In 1975, in the case of Treganowan v Robert Knee Ltd, an Industrial Tribunal refused to make a finding of unfair dismissal arising out of a clash of personalities between the dismissed Claimant and ‘other young girls in the office’. The conflict had arisen from a difference in view about ‘the merits of a permissive society’ and the Claimant’s persistence in introducing her ‘illegitimate child’ and ‘younger boyfriend’ into office conversation. One can only imagine the manic stomping of platforms and bitching in the toilets as they waited for mirror space to slap on the blue Rimmel.
I was reminded of Treganowan when I read about the recent ET decision in Mbuyi v Newpark Childcare Ltd. This was the case of a Christian nursery worker dismissed following a discussion with a lesbian colleague over church attendance, whether homosexuality is a sin, and whether the colleague should be able to marry her partner in church. The tribunal found that Ms Mbuyi had been discriminated against, possibly as a result of stereotypical views held by her employer about evangelical Christians, and that she had not sought to force her beliefs on the colleague or denigrate her. The case was widely reported in the mainstream media, as well as in LGBT and Christian publications, with reports offering predictably differing takes on the outcome.
The case is a good reminder that the belief that homosexuality is sinful is, for now at least, a belief which is afforded legal protection. That part of the decision was nothing new – higher courts have come to the same conclusion on several occasions. Most employers want to take a hard line on potential discrimination and harassment, but it must be remembered that this isn’t a one way street. That being the case, an employer can be left in the position of having to make very fine judgments between someone who merely admits that belief freely and openly and someone who crosses the line by flaunting or foisting it on colleagues. These lines are fine and shifting – hence the Treganowan case having an air of quaintness about it today.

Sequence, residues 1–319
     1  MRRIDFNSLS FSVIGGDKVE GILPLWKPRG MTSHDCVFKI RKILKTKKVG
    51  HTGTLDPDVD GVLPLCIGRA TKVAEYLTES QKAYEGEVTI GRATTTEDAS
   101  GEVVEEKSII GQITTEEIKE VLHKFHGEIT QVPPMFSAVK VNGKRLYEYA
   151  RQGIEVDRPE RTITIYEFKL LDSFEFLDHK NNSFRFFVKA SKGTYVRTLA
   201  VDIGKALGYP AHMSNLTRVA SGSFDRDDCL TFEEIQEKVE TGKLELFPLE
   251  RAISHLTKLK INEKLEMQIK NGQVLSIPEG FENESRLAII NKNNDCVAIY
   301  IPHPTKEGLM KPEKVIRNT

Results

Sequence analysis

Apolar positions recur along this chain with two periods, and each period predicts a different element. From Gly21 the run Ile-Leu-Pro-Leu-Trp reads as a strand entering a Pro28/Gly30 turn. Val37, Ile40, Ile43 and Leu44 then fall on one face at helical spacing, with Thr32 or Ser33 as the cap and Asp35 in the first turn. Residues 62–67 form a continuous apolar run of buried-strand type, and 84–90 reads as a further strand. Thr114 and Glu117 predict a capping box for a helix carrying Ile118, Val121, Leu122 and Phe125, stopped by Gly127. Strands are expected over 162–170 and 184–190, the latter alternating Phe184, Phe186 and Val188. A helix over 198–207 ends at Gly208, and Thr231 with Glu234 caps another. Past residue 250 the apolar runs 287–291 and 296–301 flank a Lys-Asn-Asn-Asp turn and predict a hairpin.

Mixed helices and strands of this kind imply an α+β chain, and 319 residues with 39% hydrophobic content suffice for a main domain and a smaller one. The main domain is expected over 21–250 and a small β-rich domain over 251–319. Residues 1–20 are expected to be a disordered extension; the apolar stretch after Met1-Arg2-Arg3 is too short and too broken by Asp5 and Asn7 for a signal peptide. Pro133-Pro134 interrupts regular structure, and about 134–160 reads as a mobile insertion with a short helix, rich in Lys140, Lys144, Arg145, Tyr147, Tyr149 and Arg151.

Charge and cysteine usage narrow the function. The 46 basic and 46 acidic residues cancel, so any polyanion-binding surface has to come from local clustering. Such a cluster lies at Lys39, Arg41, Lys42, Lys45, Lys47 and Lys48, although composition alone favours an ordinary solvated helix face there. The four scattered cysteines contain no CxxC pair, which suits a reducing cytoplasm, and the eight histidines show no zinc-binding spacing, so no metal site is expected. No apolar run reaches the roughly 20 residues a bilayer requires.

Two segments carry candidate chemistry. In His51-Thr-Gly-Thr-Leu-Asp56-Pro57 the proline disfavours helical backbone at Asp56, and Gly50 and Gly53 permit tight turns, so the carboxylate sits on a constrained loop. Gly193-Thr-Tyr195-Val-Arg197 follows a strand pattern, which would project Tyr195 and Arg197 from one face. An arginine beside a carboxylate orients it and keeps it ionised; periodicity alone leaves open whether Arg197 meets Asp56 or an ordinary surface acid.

In offering training and advice on harassment on protected grounds we often focus on the ‘banter’ question – and it is an important one. But it’s important not to overlook that harassment – and certainly the perception of harassment – can also arise in the form of serious disagreement about subjects which are very important to us. Many people can take a joke, perhaps fewer will react well to being told they are sinners by well-meaning workplace preachers.
For a generation or so, talking publically about one’s convictions has seemed to be a little passé, and all the more so if those views were traditional or reactionary. But are things changing? The general election, arguably won by ‘shy Conservatives’, saw plenty of voters prepared to stick a UKIP banner in their little piece of England. Whilst religious practice continues to decline, those that are of faith (Muslim and other faiths as well as Christians) are perhaps more ready to vocalise their convictions, including the moral aspects. I think the ETs will be dealing with plenty more Mbuyi v Newparks in the coming years.
Barrister, Menzies Law